Analytical evaluation of Fukui functions and real-space linear response function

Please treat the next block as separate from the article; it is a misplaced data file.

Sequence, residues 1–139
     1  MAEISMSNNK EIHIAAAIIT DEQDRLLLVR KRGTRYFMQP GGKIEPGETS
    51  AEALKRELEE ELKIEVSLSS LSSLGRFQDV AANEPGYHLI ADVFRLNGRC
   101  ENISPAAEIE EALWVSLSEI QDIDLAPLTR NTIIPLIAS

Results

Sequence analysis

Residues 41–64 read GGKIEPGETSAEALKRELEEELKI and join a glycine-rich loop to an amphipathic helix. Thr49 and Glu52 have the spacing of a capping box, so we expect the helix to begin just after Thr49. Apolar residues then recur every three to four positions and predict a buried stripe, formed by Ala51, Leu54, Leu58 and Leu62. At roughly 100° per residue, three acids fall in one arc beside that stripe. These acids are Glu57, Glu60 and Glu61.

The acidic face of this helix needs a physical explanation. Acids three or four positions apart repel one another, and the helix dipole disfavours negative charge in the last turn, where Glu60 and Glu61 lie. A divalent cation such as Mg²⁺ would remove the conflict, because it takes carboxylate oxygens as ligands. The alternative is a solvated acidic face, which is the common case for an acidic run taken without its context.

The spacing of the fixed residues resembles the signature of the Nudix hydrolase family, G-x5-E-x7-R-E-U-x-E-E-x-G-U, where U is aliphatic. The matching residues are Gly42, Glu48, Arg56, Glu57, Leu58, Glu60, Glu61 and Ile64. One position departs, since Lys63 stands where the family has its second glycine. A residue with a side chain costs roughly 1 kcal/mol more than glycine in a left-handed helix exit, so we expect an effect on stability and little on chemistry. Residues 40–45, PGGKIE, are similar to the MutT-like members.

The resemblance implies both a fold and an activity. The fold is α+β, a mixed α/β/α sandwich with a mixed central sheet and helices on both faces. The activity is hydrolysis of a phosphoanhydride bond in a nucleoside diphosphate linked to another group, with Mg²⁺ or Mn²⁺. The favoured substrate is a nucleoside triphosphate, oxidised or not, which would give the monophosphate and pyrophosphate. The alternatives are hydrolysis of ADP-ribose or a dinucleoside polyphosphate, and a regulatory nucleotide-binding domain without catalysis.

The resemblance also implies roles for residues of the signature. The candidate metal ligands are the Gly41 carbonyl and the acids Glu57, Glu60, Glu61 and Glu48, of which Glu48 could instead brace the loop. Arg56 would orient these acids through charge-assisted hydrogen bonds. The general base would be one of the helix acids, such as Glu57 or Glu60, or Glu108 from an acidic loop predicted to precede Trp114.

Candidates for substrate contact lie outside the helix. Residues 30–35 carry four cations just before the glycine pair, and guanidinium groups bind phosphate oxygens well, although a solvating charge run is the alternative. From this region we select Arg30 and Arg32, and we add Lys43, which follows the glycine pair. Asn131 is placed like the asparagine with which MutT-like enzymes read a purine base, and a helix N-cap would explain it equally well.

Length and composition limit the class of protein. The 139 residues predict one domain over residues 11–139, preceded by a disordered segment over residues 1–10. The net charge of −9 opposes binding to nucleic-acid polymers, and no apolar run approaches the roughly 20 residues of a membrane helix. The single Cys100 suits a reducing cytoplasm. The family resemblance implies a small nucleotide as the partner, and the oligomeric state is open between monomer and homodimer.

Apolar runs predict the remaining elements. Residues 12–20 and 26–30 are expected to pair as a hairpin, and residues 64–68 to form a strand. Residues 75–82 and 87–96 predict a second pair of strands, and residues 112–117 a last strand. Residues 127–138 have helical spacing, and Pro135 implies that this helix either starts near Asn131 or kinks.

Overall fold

Many useful concepts developed within density functional theory provide much insight for the understanding and prediction of chemical reactivity, one of the main aims in the field of conceptual density functional theory. While approximate evaluations of such concepts exist, the analytical and efficient evaluation is, however, challenging, because such concepts are usually expressed in terms of functional derivatives with respect to the electron density, or partial derivatives with respect to the number of electrons, complicating the connection to the computational variables of the Kohn-Sham one-electron orbitals. Only recently, the analytical expressions for the chemical potential, one of the key concepts, have been derived by Cohen, Mori-Sánchez, and Yang, based on the potential functional theory formalism. In the present work, we obtain the analytical expressions for the real-space linear response function using the coupled perturbed Kohn-Sham and generalized Kohn-Sham equations, and the Fukui functions using the previous analytical expressions for chemical potentials of Cohen, Mori-Sánchez, and Yang. The analytical expressions are exact within the given exchange-correlation functional. They are applicable to all commonly used approximate functionals, such as local density approximation (LDA), generalized gradient approximation (GGA), and hybrid functionals. The analytical expressions obtained here for Fukui function and linear response functions, along with that for the chemical potential by Cohen, Mori-Sánchez, and Yang, provide the rigorous and efficient evaluation of the key quantities in conceptual density functional theory within the computational framework of the Kohn-Sham and generalized Kohn-Sham approaches. Furthermore, the obtained analytical expressions for Fukui functions, in conjunction with the linearity condition of the ground state energy as a function of the fractional charges, also lead to new local conditions on the exact functionals, expressed in terms of the second-order functional derivatives. We implemented the expressions and demonstrate the efficacy with some atomic and molecular calculations, highlighting the importance of relaxation effects.